Despite the success of that programme, Vietnamese continued to flee their homeland by other means. In 1989, some 70 governments adopted a Comprehensive Plan of Action (CPA) in a bid to halt clandestine departures amid creeping 'compassion fatigue' in Asia, especially in resettlement countries. Regional capitals continued to accept arriving Vietnamese, but screening procedures were introduced to decide who among the boat people qualified as a refugee under the 1951 Convention.

Nearly a half million people had settled in the west before the CPA ended in 1996 at a cost to the international community of $350 million. Viet Nam agreed to accept back those "screened out" and UNHCR began the most intensive evaluation of any return movement in its history. By the middle of this year, UNHCR's seven Vietnamese speaking monitors had individually visited more than 40 percent of the 110,000 returnees - a record one diplomat described as "stunning."

Small steps

During its quarter century in the country, UNHCR spent $113 million. This included $71 million for the return of rejected asylum seekers, of which $35 million was a reintegration cash grant and another $14 million to start an estimated 600 small community projects. One of the first ones, a poultry farm just outside Hanoi, continues to supply the capital with chickens and eggs. "Development does not happen in giant leaps, but in small steps," a senior western official in Ho Chin Minh City says. "There has been a continuing awareness of UNHCR's role and its work is frequently mentioned" in government circles.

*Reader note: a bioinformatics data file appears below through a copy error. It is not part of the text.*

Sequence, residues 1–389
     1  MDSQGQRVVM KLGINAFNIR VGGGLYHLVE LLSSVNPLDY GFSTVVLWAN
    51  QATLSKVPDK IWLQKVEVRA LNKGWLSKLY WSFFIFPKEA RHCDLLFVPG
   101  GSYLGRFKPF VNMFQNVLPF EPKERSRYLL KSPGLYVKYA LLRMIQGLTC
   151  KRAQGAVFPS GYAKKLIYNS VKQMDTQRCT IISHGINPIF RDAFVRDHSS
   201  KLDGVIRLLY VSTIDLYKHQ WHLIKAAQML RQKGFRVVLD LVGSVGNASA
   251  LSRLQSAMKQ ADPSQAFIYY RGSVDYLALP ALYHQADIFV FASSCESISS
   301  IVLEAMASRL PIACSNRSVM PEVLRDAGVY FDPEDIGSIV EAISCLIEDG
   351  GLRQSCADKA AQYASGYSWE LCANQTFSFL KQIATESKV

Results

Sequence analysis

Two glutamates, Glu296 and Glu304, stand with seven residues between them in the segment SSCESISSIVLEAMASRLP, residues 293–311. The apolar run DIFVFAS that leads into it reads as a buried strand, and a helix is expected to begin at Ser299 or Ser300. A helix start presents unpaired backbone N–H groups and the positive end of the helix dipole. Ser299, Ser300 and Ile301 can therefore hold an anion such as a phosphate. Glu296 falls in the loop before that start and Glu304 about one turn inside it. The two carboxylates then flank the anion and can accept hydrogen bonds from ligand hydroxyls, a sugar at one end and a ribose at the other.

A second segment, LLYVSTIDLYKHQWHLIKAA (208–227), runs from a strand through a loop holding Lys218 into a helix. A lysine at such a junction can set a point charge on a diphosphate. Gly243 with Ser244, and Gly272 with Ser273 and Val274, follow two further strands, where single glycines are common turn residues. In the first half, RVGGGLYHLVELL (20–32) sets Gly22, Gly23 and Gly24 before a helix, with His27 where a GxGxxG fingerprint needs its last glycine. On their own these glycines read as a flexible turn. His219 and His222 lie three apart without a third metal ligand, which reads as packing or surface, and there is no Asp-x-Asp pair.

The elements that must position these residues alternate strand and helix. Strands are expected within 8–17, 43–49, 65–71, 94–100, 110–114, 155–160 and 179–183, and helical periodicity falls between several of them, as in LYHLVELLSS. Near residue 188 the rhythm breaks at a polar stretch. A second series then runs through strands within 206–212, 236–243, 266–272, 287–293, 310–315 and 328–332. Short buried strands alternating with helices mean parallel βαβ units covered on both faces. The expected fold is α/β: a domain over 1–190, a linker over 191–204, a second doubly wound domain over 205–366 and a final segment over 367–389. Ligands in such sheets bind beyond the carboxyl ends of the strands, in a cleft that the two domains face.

As the boat people drama unfolded, UNHCR field officer Kai Nielsen recalls,"The situation was very difficult and complicated at the start. And yet we had unhindered access. I went to villages where no white man had gone before, but because of our goodwill, we gained points.We were the honest brokers."

Goran Rosen is one of UNHCR's longest serving international staff members in Viet Nam and says as the first returnees came back it took up to 10 days to get the necessary permission from several ministries and local police authorities to visit them. There was suspicion on all sides. On one of his first visits in 1989 he checked out a Malaysian news headline "Lured Back to a Very Bleak Future" that returnees were being imprisoned. Rosen found not only the report untrue, but relatives of the returnees were actually continuing to organize illegal departures.

No sympathy

In the early years of flight, most refugees came from South Viet Nam. By the late 1980s the pattern had changed and the latest arrivals were mostly from the north. These people received little sympathy from resettlement countries. And though they dreamed of "freedom" according to Goran, most Vietnamese at that time were really fleeing the uncertainties of sweeping economic changes taking place. State firms were being privatized, the country's only employer, the government, was getting rid of state workers. Even university graduates suddenly could not get work.